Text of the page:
Telemedicine and e-Health 08/2012; 18(8):580-4. · 1.40 Impact Factor
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    Stacey L Cole, John H Grubbs, Cathy Din, Thomas S Nesbitt
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    ABSTRACT: Abstract Objective: Medication errors contribute to a significant number of fatal and nonfatal adverse medical events each year. Many actions, from both a policy and innovation standpoint, have been taken to reduce medication errors in the inpatient setting; yet, these actions often target larger urban hospitals. Rural hospitals face many more challenges in implementing these changes due to fewer resources and lower patient volumes. Our article discusses the implementation and results of a telepharmacy demonstration implemented between the University of California Davis Health System and six rural hospitals. Materials and Methods: A retrospective chart review obtained baseline medication errors for comparison with the prospective review of medication orders through telepharmacy. Medication orders from rural hospitals were transmitted via fax to the University of California Davis Pharmacy for after-hours review. If a medication required after-hours removal from the pharmacy, it was requested that video verification by a telepharmacist be used to verify that the correct medication was removed from the pharmacy. Results: Baseline findings from the retrospective chart review indicated that 30.0% of patients had one or more medication errors and that these errors occurred in 7.2% of the medication orders. None of these errors were found to have resulted in harm to the patients. During the telepharmacy demonstration, 2,378 medication orders were screened from 504 independent order review requests. In total, 58 (19.2%) patients had one or more medication errors. The errors from the telepharmacy demonstration represented potential errors that were identified through telepharmacy medication review. Conclusions: Telepharmacy represents a potential alternative to around-the-clock on-site pharmacist medication review for rural hospitals.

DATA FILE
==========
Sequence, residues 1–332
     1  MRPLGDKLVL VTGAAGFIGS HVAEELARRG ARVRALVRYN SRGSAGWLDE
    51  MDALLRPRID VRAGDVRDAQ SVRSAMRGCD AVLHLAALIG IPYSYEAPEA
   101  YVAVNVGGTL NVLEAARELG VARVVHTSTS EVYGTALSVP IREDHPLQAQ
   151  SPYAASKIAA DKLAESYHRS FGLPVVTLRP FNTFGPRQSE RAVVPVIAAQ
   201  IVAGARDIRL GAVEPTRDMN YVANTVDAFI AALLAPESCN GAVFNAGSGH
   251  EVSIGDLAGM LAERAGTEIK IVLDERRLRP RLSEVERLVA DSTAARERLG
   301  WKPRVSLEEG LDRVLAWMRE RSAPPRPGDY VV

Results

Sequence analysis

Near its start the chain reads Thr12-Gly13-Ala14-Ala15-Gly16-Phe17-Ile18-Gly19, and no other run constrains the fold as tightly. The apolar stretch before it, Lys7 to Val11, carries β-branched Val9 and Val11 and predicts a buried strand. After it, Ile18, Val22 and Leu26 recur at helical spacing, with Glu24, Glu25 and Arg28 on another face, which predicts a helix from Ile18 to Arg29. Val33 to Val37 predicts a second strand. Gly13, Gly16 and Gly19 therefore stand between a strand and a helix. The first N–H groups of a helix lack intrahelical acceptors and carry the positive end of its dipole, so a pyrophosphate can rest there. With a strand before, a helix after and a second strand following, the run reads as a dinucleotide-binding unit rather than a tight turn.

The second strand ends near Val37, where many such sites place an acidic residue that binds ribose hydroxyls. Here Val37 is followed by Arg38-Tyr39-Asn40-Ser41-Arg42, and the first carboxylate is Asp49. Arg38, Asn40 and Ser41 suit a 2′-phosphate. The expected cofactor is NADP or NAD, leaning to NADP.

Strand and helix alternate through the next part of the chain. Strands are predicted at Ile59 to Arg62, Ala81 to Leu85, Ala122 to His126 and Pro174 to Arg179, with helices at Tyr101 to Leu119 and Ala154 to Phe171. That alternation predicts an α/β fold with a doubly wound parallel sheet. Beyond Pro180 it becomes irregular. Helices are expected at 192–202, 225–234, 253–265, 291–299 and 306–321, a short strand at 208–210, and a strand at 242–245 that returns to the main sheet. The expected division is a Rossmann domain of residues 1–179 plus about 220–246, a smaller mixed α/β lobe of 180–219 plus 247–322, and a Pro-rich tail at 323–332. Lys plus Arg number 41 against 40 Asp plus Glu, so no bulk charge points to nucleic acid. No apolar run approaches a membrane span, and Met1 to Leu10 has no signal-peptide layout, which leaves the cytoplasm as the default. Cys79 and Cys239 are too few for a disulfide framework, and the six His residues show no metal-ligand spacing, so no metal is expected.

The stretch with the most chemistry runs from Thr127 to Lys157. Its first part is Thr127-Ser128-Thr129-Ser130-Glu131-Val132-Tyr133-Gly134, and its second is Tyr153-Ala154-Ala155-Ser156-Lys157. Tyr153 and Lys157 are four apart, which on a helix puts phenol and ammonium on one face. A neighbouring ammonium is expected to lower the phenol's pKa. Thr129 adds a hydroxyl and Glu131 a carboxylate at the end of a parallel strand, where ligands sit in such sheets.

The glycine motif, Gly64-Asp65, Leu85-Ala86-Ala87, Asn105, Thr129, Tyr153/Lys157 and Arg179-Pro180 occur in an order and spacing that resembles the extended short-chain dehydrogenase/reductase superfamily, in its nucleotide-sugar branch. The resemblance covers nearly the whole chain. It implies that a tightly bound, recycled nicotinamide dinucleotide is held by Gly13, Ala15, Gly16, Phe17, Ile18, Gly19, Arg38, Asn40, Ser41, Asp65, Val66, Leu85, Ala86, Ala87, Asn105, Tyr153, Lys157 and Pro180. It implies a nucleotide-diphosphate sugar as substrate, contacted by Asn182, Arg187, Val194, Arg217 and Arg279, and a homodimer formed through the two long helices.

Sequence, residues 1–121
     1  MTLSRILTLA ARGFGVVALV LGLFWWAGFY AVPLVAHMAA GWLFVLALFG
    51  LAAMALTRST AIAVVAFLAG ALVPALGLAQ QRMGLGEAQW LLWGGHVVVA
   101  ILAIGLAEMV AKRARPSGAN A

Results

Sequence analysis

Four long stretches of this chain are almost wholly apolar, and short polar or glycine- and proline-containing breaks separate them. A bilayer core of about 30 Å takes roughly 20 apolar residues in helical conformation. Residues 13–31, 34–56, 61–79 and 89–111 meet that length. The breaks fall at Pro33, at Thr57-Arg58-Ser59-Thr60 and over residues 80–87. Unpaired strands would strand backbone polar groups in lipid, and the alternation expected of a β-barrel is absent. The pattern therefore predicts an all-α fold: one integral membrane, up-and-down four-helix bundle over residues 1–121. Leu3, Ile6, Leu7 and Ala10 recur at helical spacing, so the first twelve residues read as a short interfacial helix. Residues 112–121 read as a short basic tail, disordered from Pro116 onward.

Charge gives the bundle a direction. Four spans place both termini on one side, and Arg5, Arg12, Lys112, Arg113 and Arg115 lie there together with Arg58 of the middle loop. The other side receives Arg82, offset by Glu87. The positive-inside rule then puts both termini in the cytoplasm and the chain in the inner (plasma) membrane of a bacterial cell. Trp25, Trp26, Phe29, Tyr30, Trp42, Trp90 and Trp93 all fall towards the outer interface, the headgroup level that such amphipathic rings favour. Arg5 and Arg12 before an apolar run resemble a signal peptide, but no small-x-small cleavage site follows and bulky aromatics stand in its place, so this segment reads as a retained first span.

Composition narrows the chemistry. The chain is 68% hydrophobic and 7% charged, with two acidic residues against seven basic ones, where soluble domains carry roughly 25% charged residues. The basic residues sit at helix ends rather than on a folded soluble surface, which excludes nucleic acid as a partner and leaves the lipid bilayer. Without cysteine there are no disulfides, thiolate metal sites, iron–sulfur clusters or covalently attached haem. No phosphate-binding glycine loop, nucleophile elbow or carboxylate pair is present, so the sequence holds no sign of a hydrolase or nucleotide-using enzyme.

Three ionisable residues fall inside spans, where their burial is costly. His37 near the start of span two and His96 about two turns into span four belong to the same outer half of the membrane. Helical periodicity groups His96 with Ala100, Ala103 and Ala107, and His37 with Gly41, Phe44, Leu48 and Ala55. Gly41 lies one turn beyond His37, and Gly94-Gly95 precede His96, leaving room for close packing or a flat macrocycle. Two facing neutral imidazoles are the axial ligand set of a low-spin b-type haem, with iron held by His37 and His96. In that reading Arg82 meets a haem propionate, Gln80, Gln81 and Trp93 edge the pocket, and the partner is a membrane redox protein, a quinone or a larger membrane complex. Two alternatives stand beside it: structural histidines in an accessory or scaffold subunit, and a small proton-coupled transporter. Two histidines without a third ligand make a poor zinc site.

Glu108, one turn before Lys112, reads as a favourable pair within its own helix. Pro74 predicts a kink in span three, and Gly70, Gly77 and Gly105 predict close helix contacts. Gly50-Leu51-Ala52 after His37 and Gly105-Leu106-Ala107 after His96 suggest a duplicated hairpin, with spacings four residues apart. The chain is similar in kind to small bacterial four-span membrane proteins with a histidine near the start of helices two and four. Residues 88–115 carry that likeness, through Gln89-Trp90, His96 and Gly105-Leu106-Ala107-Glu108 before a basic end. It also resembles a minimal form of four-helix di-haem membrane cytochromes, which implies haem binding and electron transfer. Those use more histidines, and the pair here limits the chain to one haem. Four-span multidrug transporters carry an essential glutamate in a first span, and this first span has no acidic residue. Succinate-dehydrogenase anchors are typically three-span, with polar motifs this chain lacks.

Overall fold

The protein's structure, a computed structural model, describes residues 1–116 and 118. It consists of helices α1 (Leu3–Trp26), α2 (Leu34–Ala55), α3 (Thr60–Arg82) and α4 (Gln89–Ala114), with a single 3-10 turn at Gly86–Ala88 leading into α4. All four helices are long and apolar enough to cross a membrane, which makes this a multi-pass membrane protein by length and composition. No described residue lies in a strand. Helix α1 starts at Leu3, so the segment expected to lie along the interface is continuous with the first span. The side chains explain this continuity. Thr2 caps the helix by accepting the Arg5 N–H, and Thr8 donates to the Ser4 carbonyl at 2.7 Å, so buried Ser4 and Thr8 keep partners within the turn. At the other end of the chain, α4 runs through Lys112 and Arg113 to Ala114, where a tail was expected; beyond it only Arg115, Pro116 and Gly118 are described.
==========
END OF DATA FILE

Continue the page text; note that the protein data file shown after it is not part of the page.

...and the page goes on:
Telemedicine and e-Health 07/2012; 18(7):530-7. · 1.40 Impact Factor
  • Archives of dermatology 05/2012; 148(5):649-50. · 4.76 Impact Factor
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    ABSTRACT: Health literacy has important implications for health interventions and clinical outcomes. The Shortened Test of Functional Health Literacy in Adults (S-TOFHLA) is a timed test used to assess health literacy in many clinical populations. However, its usefulness in heart failure (HF) patients, many of whom are elderly with compromised cognitive function, is unknown. We investigated the relationship between the S-TOFHLA total score at the recommended 7-minute limit and with no time limit (NTL). We enrolled 612 rural-dwelling adults with HF (mean age 66.0 ± 13.0 years, 58.8% male). Characteristics affecting health literacy were identified by multiple regression. Percentage of correct scores improved from 71% to 86% (mean percent change 15.1 ± 18.1%) between the 7-minute and NTL scores. Twenty-seven percent of patients improved ≥1 literacy level with NTL scores (P < .001). Demographic variables explained 24.2% and 11.1% of the variance in % correct scores in the 7-minute and the NTL scores, respectively. Female gender, younger age, higher education, and higher income were related to higher scores. Patients with HF may be inaccurately categorized as having low or marginal health literacy when the S-TOFHLA time limits are enforced. New ways to assess health literacy in older adults are needed.
    Journal of cardiac failure 11/2011; 17(11):887-92. · 3.25 Impact Factor